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Brian: Shifting gears in South Dakota – Spring wheat harvest begins.

Click the video below to enjoy the scenic sites of winter wheat harvest in central South Dakota. Enjoy!!!

Three weeks after arriving in Onida, South Dakota, we are finally shifting gears….moving from winter wheat to spring wheat. No doubt you have noticed this year’s very unusual weather, and harvest in South Dakota has been unusual because of…you guessed it, the weather.

We often anticipate a South Dakota harvest to be hot, dry, and windy with long hours and weeks of uninterrupted harvesting. This year is the opposite. Cool weather has been the norm, replacing triple-digit heat with highs in the 70s. Small showers and notable rain events are frequent. Every morning a heavy dew sets, soaking the wheat crop and making for a late harvest start time, usually after lunch. With a low of 48° one morning we actually turned on the trailer house furnace. WHAT? Is this summer harvest or fall harvest? The cool days have made for enjoyable living weather, but it has created another problem…spring wheat that refuses to ripen.


Once we started harvesting winter wheat (right side of photo) we saw first hand just how green the spring was (left side of photo). Our suspension from the very beginning was correct…slow ripening spring wheat has delayed it’s harvesting substantially.

We anticipated spring wheat could harvest later than normal, due to late-season snows delaying seeding. But no one expected weather where 90° would be the exception rather than the norm. Some farmers have spring wheat exclusively, meaning there are crews that have been sitting idle for a full 30 days waiting for ripe spring wheat. That is not financially favorable. We all enjoy a little downtime, but it has been excessive.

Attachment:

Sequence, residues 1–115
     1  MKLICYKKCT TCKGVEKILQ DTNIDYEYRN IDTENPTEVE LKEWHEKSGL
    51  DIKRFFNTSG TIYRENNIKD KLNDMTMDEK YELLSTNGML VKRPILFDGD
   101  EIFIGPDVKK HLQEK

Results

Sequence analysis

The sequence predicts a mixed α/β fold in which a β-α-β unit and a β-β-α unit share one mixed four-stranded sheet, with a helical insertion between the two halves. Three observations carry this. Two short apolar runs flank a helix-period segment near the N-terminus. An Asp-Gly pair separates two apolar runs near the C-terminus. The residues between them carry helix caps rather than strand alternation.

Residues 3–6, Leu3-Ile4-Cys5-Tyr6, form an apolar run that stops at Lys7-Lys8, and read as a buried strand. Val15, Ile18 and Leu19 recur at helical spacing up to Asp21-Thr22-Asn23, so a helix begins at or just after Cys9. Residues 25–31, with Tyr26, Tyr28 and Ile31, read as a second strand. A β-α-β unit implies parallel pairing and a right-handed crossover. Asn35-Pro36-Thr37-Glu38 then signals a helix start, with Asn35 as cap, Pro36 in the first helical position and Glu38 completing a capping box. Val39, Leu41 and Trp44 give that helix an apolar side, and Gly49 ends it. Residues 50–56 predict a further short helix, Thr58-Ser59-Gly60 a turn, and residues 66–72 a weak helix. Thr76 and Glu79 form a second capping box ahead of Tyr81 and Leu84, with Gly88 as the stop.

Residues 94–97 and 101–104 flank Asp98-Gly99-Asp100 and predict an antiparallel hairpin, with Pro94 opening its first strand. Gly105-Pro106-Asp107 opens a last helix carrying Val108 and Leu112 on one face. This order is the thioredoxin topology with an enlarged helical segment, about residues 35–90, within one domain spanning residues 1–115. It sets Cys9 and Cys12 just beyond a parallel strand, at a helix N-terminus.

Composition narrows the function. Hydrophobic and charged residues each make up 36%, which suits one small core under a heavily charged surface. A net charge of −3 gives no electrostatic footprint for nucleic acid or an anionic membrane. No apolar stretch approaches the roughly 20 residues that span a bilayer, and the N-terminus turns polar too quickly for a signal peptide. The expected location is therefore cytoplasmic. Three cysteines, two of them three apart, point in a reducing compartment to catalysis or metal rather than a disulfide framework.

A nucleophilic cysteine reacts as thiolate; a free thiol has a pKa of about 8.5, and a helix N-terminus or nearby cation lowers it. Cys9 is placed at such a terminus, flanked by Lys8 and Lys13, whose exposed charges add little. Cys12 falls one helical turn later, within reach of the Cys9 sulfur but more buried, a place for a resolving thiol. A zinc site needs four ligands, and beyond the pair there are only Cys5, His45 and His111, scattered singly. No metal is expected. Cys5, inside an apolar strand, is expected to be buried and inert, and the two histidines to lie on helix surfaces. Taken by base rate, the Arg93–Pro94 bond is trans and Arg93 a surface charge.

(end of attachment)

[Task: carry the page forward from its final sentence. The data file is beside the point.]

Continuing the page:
Thankfully we have been able to move from winter to spring wheat with only a few days in between, but many of our fields in other areas of the county have problematic green heads scattered throughout. Part of the issue is the hail damage many fields received, causing injured plants to “pause” ripening while they attempted to regrow foliage enough to finish seed development. These late-ripening plants often are referred to as “sucker heads,” and they are causing real heartache. Fields are filled with ripe 13% moisture wheat and then scattered throughout are 20% moisture sucker heads. This makes it impossible to achieve the 14% moisture level considered safe for long-term storage.


Harvesting a sample of the spring wheat confirms what we expected all along…. Green plump berries from “sucker heads” are mixed in with dry kernels, leading to moisture levels still too high for safe long-term storage to avoid spoiling. So we sit and wait for warmer weather…

Thankfully the upcoming week finally sees a change in the weather, with 90° days appearing frequently. This is the weather needed to dry down these spring wheat fields quickly! Of course, the heat also introduces more chances of storms, so we will see how it plays out. Many farmers have begun spraying select spring wheat fields to kill the plants, artificially forcing dry down (an expensive but almost required alternative). Some fields may never be harvested dry with the volume of green sucker heads present without chemical application to kill the green wheat.


Here you can clearly see the green “sucker heads” mixed in with the dry wheat. There is an abnormally large number of “suckers” this year due to late seeding and hail damage.

At any rate, spring wheat harvest is on the verge of finally beginning in earnest here in the Onida area. That’s good because we expect our North Dakota acres to be ready to go the second week of August. That’s right around the corner.  After all, the thought of moving to North Dakota makes us remember what comes afterward…moving HOME.  It’s a little early to entertain that thought, but the end is sooner than we think.  Suddenly I feel a little sad.

All Aboard Wheat Harvest is sponsored by High Plains Journal and John Deere. Brian can be reached at brian@allaboardharvest.com.


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